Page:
The Nigerian National Petroleum Corporation (NNPC) is planning to allocate 80 percent of crude lifting deal to NNPC Trading, an arm of the corporation which evolved from the merger of its trading companies.
Ibrahim Waya, managing director of NNPC Trading Limited, revealed this in an interview published in the corporation’s quarterly magazine.
NNPC Trading currently handles 40% of the country’s oil lifting.
In January 2017, the federal government awarded one-year crude lifting contracts, covering about 1.31 million barrels per day, to 39 companies — 18 of them Nigerian, 11 international trading houses, five foreign refineries, three national oil companies and two NNPC trading arms.
All the contracts are for 32,000 barrels per day except Duke Oil Ltd, an arm of the NNPC, which trades 90,000 barrels per day.
Some of the local beneficiaries, whose share of oil lifting contracts will be affected, are Oando Trading, Sahara, MRS Oil and Gas, A.A. Rano, Bono, Masters Energy, Eterna Oil and Gas, Cassiva Energy, Hyde Energy, Brittania-U, Northwest Petroleum and Shoreline Limited.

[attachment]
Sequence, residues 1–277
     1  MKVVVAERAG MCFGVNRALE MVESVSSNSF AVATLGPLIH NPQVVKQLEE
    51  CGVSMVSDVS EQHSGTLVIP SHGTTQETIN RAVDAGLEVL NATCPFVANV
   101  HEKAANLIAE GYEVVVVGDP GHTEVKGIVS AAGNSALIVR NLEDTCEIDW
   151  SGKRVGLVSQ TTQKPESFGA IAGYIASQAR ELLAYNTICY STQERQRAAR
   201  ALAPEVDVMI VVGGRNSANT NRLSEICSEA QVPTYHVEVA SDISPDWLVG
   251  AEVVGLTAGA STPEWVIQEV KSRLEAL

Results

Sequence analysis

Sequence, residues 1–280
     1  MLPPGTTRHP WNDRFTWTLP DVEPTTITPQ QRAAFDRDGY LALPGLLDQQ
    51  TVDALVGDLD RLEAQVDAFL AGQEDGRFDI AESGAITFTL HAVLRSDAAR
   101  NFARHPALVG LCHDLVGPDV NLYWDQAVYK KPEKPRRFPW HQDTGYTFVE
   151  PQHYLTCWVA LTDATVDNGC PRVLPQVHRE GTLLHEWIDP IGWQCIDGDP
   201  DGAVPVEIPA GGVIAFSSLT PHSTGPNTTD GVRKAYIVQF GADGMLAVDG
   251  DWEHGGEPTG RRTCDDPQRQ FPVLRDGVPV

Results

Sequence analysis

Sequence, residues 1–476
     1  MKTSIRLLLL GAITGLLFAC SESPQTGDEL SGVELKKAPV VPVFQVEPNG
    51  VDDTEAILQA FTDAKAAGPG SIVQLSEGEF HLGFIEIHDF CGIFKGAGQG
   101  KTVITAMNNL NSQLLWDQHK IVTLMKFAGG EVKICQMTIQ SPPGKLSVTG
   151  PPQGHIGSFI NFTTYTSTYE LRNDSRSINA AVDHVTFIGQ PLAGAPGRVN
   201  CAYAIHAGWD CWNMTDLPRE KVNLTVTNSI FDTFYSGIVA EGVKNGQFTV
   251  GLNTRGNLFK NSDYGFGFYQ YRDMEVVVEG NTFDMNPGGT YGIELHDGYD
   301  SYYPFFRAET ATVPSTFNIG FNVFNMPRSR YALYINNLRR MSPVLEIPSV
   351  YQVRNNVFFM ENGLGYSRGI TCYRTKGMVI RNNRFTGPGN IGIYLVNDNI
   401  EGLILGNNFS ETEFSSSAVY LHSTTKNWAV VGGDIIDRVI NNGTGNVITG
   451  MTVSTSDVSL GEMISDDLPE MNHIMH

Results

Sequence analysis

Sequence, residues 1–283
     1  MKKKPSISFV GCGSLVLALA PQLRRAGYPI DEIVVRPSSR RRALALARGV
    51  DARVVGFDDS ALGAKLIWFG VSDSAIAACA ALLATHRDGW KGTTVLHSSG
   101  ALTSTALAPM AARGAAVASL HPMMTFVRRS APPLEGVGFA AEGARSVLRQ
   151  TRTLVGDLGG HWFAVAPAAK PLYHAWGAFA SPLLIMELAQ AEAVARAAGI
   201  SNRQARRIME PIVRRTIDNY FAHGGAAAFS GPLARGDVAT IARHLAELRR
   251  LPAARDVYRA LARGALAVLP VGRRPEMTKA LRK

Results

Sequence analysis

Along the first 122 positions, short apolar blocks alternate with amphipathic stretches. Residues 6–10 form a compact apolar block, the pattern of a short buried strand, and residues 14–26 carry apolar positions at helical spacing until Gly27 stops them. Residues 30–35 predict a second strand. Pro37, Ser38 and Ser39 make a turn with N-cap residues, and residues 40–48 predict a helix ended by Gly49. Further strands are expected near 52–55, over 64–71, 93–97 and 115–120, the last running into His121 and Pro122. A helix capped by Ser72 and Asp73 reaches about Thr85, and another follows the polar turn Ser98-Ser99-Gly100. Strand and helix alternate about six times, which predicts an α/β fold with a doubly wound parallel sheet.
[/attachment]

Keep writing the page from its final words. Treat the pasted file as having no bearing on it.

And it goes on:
Some of the international oil traders are Trafigura, ENOC Trading, BP Trading, Total Trading, Heritage Oil and Glencore.
India Oil Company, Sinopec of China and Saccoil of South Africa fall under the government-to-government category.
But Waya said Maikanti Baru, group managing director of the NNPC, has directed NNPC Trading to take charge of 80 percent of the deal by the end of 2018.
“The current management of NNPC under the watch of Dr Baru is giving us every support to jerk (jack) up our operation from 10 percent to 40 percent,” he said.
“And the GMD told us that what he wants to achieve for trading is that by the end of 2018, he wants NNPC trading to have 80 percent in terms of Nigeria’s crude oil and also conversely by the end of 2018, we want to do every form of import of products, if need be to augment the local production of products through NNPC Trading.”